The World’s Most Exclusive Golf Courses

SLIDESHOW: Take a turn with us around Loch Lomond (pictured), the Royal Melbourne and Gleneagles — just don’t expect your membership application to be acted upon with any undue haste.

With exacting standards, pristine locations, and strict regulation of just who gets to play 18 holes, our curated list definitively identifies the most sought-after golfing locales on earth. Are you up to par?

Only a fortunate few have experienced teeing off at the world’s most exclusive golf clubs, where membership fees can range north of US$160,000. These clubs vehemently guard their privacy and non-members only rarely make it past the front gates.

It doesn’t matter which country you’re in — the more impressive the course is, the more exclusive it becomes. Condition, variety, design and, in many cases, scenery, all contribute to make the dream course. There is one recurring theme in many of these clubs: golfing architect Dr Alister MacKenzie. Even if he didn’t actually design the course, it is very likely that he will have played some part in inspiring the person who did.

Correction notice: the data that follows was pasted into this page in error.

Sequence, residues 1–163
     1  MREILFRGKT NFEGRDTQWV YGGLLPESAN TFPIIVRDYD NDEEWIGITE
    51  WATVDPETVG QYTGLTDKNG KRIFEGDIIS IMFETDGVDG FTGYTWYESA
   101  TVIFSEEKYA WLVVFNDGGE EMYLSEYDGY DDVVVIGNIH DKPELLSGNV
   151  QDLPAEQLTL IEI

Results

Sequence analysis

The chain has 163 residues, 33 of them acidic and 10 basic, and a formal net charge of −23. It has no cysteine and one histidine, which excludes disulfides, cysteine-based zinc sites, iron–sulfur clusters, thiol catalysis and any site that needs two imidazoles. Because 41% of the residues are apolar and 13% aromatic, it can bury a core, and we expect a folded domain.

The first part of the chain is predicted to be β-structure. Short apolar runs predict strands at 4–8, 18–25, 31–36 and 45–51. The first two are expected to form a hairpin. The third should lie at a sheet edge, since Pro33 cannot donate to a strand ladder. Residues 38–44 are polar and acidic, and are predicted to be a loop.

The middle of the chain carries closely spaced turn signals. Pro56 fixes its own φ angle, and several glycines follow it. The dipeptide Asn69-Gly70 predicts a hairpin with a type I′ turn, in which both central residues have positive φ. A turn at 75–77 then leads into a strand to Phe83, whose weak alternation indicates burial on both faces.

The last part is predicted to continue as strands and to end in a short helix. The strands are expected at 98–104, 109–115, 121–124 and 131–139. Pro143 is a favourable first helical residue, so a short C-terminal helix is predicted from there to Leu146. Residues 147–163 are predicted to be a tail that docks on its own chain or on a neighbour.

With so many golf courses worldwide, picking the top 10 most desirable is a difficult — and perhaps controversial — task. In conjunction with our own analysis, Billionaire.com has gathered a panel of independent expert golf enthusiasts to construct our list: Tenniel Chu, vice-chairman of Mission Hills Group (which includes Mission Hills Golf Clubs); John Sabino, golf course critic; and Kay Hwa Tang: executive director of The Dàlat at 1200 Country Club and Private Estate, a golf course resort.

We have included websites where these are available.

Cypress Point, California, US
It is rumoured that no less a personage than JFK was once denied entry to the restaurant at Cypress Point. With only 250 members, many of whom are prominent political figures, this is the world’s most desirable club designed by Dr Alister MacKenzie. Scenery is a major selling point and players can listen to the sound of the Pacific crashing against the rocks while they tee up. Fees are determined by yearly running costs, divvied up between the members. Irrespective of how much each person uses the course they are expected to pay their share.

National Golf Links of America, New York, US